Anyway If you can find some White Labs Trois right now I'd say run up a starter for it and pitch. I know its a full time offering starting in January so your LHBS should carry it. It was designed like all their other yeast strains from a 100% Brett fermentation. If not I'd say the s-05 pack or any other yeast would be help. Personally I'd choose a Belgian strain like Wyeast 3787 or a saison Strain over s-05.

Also I would disagree about Brett not producing "brett" flavors unless its stressed out. I've gotten plenty of the Brett Characteristics I'm looking for by pitching proper amounts of active culture. I do think there is something to be said for it opening up slightly when it's under pressure in a bottle though.
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Re: Brett Non Fermentation

Mon Dec 24, 2012 8:11 am

+1 to what Brandon said. If you made a 3L starter with such a small amount of yeast (WL vial) and didn't give the starter an appropriate time to ferment out (I give my brett starters at least 7 days to get working and finish out), then you might have severely underpitched for your belgian pale ale batch.

Give your carboy a good swirl and let the temps warm up a bit to hopefully get those brett cells going a bit better. Good luck and hope things attenuate a bit more for you!
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Re: Brett Non Fermentation

Mon Dec 24, 2012 9:55 am

I let the starter go for about five days, when I do this again I will step up the starter over that time. I like the point about using a Belgian strait, I only suggested the Us-05 because I it in the fridge.

I think will take the carboy out of the fridge and see if I can warm it up a bit. Then pitch the US-05 (no longer making it Belgian) and see if it takes off. If it does rack to a secondary in a week or two then add a fresh pitch of Brett. B..

Thanks all for your suggestions and advice.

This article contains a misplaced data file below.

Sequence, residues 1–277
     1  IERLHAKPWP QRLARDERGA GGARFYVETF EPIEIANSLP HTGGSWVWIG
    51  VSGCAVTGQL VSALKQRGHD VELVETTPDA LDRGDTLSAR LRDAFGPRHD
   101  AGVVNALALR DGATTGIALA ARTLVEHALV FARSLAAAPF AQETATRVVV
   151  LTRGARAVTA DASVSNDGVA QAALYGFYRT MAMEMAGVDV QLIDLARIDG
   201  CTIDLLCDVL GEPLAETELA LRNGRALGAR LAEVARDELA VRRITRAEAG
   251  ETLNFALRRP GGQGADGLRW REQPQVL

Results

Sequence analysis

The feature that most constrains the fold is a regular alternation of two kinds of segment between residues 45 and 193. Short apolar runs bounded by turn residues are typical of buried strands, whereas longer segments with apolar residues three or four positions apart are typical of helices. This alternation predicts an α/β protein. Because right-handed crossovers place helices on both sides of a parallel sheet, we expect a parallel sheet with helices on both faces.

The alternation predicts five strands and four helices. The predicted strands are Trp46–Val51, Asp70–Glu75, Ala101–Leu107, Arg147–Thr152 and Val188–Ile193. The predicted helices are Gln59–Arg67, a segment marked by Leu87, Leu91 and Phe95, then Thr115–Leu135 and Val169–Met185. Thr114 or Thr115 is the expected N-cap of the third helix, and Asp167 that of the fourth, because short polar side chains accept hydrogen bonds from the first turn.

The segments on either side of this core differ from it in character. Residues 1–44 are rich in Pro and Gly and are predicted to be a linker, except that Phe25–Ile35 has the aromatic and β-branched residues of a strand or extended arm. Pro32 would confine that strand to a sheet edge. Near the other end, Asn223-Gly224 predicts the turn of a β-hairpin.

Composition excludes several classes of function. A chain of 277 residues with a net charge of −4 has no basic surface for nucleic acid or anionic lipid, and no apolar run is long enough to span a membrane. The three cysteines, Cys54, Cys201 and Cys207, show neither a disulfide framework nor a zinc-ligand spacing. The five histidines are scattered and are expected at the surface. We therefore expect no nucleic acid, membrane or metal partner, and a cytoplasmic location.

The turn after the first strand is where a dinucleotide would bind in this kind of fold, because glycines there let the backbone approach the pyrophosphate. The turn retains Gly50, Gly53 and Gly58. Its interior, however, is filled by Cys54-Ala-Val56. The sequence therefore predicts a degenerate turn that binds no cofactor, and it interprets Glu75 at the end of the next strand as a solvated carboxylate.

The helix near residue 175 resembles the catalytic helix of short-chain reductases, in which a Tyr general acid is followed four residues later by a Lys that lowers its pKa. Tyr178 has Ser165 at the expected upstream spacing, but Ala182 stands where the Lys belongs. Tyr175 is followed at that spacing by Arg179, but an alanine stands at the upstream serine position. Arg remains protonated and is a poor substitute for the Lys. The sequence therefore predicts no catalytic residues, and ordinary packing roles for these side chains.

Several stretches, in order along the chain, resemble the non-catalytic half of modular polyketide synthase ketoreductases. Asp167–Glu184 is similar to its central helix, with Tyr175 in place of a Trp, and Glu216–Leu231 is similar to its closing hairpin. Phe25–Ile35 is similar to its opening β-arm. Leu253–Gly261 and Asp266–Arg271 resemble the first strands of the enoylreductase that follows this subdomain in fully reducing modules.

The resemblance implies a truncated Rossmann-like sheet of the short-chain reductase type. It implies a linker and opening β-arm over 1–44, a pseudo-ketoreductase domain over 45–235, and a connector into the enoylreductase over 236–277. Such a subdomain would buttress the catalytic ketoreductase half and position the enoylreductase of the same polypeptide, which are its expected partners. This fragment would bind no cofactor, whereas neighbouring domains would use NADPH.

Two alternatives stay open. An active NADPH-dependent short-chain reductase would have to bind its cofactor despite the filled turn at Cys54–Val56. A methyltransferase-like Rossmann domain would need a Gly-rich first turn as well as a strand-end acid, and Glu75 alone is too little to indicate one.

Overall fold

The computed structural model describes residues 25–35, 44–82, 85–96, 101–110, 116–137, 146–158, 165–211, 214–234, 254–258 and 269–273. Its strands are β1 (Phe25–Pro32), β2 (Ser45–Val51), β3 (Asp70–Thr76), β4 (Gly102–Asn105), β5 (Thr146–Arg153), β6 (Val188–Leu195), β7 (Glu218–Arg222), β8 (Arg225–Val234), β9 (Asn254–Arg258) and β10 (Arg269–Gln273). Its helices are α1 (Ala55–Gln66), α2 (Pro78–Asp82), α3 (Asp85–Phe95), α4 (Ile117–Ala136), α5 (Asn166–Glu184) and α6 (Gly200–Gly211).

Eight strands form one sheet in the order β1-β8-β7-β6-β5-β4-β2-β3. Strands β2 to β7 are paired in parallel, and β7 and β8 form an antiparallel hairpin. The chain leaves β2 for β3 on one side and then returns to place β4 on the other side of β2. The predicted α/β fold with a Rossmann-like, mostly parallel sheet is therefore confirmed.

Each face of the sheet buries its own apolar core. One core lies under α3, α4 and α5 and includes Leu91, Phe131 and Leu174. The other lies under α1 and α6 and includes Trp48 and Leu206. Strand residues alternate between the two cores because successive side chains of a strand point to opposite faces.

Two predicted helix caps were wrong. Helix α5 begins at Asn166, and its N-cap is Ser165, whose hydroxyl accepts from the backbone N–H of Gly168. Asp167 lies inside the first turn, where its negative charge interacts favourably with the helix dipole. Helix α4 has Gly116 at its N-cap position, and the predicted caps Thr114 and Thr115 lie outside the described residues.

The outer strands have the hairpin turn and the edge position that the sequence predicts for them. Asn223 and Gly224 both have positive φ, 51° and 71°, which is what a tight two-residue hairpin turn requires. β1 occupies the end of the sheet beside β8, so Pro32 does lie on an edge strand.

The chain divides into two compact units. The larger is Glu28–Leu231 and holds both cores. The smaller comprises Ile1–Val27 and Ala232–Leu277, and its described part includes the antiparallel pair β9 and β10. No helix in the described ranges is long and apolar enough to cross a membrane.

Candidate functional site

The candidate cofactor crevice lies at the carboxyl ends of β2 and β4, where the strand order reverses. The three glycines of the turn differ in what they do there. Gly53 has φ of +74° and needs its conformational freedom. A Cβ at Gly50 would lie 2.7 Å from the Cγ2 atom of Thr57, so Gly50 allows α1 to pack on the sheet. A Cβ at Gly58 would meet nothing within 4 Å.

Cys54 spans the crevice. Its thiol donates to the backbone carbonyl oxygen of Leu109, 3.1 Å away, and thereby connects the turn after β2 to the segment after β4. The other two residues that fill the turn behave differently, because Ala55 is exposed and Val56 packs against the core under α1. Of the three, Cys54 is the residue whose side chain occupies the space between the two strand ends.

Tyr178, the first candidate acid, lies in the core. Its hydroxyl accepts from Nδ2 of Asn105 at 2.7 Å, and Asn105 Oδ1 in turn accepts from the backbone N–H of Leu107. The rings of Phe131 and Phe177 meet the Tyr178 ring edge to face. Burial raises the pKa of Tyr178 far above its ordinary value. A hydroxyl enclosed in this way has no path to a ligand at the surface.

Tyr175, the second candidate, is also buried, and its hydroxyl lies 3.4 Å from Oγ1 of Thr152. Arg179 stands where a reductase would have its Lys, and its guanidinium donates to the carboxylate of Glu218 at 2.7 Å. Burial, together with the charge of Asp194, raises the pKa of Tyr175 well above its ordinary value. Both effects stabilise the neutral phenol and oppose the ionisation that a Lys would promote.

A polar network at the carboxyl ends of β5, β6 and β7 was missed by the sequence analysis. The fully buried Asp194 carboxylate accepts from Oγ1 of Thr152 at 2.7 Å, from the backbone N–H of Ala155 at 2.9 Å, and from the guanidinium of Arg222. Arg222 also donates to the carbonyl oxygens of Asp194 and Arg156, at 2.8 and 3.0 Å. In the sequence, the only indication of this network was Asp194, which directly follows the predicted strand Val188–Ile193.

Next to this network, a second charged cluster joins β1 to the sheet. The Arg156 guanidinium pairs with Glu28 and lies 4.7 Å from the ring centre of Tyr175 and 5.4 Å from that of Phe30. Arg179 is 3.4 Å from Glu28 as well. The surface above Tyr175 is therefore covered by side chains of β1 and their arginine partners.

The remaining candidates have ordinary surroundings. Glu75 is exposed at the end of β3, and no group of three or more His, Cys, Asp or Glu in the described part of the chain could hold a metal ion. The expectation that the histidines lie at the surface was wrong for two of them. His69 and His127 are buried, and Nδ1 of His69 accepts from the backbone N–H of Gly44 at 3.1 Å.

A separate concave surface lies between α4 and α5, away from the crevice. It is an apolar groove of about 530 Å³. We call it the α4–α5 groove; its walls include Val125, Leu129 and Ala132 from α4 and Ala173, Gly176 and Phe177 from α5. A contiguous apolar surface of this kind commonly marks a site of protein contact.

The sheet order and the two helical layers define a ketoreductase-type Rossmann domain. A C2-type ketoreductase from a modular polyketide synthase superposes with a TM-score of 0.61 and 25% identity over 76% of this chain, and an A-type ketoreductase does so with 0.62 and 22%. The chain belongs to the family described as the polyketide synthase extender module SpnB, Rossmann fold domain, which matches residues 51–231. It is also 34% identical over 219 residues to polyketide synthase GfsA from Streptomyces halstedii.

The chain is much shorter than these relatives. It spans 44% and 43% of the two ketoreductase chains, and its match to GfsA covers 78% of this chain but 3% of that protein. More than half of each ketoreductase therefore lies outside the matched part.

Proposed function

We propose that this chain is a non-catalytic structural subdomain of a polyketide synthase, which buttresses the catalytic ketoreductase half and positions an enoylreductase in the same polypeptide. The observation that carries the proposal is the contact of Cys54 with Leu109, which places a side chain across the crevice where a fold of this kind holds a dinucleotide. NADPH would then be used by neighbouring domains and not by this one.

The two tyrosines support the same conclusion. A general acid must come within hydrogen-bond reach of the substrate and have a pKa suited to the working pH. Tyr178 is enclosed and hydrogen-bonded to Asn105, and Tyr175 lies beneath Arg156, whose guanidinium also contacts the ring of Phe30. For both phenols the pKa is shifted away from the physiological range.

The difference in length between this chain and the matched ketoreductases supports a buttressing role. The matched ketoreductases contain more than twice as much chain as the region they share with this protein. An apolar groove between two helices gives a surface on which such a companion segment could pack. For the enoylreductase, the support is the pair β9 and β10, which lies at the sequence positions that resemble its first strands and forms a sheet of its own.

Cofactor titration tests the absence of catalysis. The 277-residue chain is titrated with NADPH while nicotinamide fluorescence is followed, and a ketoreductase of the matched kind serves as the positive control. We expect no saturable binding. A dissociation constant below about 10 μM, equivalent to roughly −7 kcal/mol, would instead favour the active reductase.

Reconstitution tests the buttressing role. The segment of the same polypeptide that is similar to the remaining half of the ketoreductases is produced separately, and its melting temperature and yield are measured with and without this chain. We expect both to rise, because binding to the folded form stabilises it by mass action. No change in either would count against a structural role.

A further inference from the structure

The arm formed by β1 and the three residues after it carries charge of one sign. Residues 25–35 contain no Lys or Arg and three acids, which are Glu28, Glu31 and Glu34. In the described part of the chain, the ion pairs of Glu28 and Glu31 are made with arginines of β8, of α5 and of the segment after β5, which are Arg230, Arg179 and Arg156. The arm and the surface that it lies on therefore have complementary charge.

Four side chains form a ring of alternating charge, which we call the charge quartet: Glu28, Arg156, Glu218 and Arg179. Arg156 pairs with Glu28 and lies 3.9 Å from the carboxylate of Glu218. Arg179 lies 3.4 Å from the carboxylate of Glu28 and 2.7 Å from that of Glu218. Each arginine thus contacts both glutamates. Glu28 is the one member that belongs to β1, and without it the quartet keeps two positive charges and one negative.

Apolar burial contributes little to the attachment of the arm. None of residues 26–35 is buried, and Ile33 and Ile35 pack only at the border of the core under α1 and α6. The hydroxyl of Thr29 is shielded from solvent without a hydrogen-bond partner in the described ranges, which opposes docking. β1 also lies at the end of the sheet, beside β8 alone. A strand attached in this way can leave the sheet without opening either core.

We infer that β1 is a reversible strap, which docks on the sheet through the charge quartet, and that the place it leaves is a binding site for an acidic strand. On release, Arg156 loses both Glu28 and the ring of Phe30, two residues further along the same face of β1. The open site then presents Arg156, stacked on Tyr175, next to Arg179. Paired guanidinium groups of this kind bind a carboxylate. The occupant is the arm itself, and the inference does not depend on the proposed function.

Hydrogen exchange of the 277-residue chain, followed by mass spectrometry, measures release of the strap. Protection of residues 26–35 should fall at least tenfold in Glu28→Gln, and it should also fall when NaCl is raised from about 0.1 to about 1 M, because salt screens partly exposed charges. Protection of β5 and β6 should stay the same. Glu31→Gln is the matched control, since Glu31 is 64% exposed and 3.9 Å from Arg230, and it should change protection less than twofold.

Jim
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Re: Brett Non Fermentation

Tue Dec 25, 2012 6:14 am

Brandon wrote:Also I would disagree about Brett not producing "brett" flavors unless its stressed out. I've gotten plenty of the Brett Characteristics I'm looking for by pitching proper amounts of active culture. I do think there is something to be said for it opening up slightly when it's under pressure in a bottle though.


I was making a distinction between brett flavor & a classic brett characteristic. Of course you're not going to get a beer that tastes like 001 by pitching only a brett culture. But you won't necessarily get that classic Belgian Pale Ale flavor either. You could get something completely fantastic, but it could be many different flavors. There's more different strains of brett than sachro, just not readily available to brewers.

That classic brett characteristic is defined by certain phenols, which are only produced when the brett is under stress. It doesn't have to be a lot of stress & that stress could come from a number of different things besides the presence of another yeast or alcohol (although since the vials seem to be intended as a secondary pitch, as you pointed out, that's what ends up happening). It could be fermentation temp, pH, cell count or a number of other things.

You can brew some nice brett beers without stressing the yeast at all, which is why I pointed out that it depends on where you want the beer to end up, but if you're after a classic brett characteristic in a Belgian Pale, it's not the best way to go after it. There was a great guest on the Session not too long ago talking a little further about it. Yacobsen I think.

cytorunner wrote:I only suggested the Us-05 because I it in the fridge.


Also the reason I kept referring to the US-05. I didn't mean to sound like it was the best option, but it's a good one & you already have it. Some of the other strains mentioned will produce fantastic results as well.

cytorunner wrote:Then pitch the US-05 (no longer making it Belgian)


I wouldn't say that. Just like when brewing for competition, you enter (classify) your beer by what it tastes like. Just because you put a touch of coffee in it doesn't mean you have to enter it as a coffee beer, especially if that coffee note doesn't come through in the final product. Same idea here, just because you use a 'clean' Sachro strain doesn't mean you can't call it a Belgian. You could let it ferment all the way out with US-05 before adding the Brett & still get that Belgian taste. The Brett characteristics will overpower the Sachro quite easily while it takes the ferment even further. Some of the BCS recipes even suggest it, such as the Flanders Red.

As I said earlier, you have plenty of options you can do, it just really depends on where you want to end up with the beer. Not saying any one is better than the others, it really comes down to what you like to drink (& brewing more of it!)